Tell us what’s happening:

tried destructuring… can anyone please check the code below

Your code so far

function getLength(str) {
  "use strict";

  // change code below this line
  const length = { len : str.length };// change this
  const{ len } = length;
  // change code above this line

  return len; // you must assign length to len in line



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Link to the challenge:

Please give a hint if any one solved this challenge

You’re very close but I think you’ve misunderstood the syntax

Let’s look at the example again:

const { x : a, y : b, z : c } = voxel // a = 3.6, b = 7.4, c = 6.54
‘You may read it as “get the field x and copy the value into a,” and so on.’

We want to get the field length and copy the value into len.

Does this help?

const { str : len }= length;

return len.length;

i tried this am i missing something here ?

With const length = { str: len}; there are two problems:

  1. You’re destructuring on the wrong side of the equals sign
  2. You’re destructuring the wrong thing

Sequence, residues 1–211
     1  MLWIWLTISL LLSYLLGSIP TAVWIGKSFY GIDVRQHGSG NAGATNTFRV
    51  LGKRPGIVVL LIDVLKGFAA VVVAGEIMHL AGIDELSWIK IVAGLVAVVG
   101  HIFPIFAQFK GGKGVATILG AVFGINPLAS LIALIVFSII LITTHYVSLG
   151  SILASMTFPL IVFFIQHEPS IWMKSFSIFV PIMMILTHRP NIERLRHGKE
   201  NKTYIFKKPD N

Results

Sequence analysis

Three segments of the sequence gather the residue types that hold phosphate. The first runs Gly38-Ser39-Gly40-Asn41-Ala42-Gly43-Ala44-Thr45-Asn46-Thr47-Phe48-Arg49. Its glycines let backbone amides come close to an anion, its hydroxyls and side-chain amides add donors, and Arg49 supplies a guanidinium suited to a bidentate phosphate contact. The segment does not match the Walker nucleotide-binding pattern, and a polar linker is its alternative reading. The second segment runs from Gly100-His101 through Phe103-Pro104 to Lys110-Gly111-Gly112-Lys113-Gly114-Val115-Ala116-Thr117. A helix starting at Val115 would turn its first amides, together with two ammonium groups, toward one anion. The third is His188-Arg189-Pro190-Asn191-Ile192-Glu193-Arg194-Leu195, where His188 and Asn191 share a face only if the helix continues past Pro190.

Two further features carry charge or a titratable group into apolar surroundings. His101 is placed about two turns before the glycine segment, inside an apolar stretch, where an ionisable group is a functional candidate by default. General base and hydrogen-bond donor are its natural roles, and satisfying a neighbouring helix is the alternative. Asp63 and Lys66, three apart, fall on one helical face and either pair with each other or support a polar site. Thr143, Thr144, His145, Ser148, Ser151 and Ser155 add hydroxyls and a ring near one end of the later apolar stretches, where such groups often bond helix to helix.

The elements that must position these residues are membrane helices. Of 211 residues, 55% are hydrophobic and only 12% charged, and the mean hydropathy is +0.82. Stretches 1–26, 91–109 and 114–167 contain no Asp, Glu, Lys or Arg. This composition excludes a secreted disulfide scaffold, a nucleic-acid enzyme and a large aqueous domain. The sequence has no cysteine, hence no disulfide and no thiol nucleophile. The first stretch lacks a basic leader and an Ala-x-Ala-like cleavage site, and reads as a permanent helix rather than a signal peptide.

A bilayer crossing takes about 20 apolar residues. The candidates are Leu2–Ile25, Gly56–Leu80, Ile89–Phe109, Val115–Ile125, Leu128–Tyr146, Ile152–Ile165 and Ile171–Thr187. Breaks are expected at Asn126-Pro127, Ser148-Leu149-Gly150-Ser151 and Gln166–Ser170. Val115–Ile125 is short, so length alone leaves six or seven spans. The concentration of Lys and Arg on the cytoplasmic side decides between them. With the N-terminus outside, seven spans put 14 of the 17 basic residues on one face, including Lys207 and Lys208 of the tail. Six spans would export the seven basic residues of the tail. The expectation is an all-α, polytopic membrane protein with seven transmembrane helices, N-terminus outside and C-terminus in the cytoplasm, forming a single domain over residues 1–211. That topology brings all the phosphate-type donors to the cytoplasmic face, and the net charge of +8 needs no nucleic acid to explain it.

The right hand side of the equals sign should be = str; That’s the object we want to destructure, and that’s where it needs to be.

Then, we want to get the property of str called length and copy it into a variable called len, so the object side should be {length: len}

This is really important so make sure to read the example again thoroughly to understand it!

1 Like

thanks to you it is working…
I am confused about one more thing here~

function getLength(str) {
const {length : len} = str ; // change this

return len;

HERE the function is returning the length of the string… " const {length : len} = str "
IS ‘length’ a pre-defined function (str.length) ?
is it a property we have on string ?

Yes, all strings have a length property by default, you can rely on it

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Can we use other pre-defined functions like ( split , join , splice etc…) on arrays and strings as properties in destructuring ?

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Yes that’s right, the functions associated are actually properties of the objects (and arrays and strings) inherited via their prototypes

That’s in a way why we can type str.length or str.split(), split is a property of strings, and is also a function we can call - adding the () actually calls this function

Of course you wouldn’t necessarily want to destructure out the functions in this way, but you can

1 Like

Thanks @vagrahb for all your questions and @gebulmer awesome explanation.
Its very informative :slight_smile: cheers, Monika.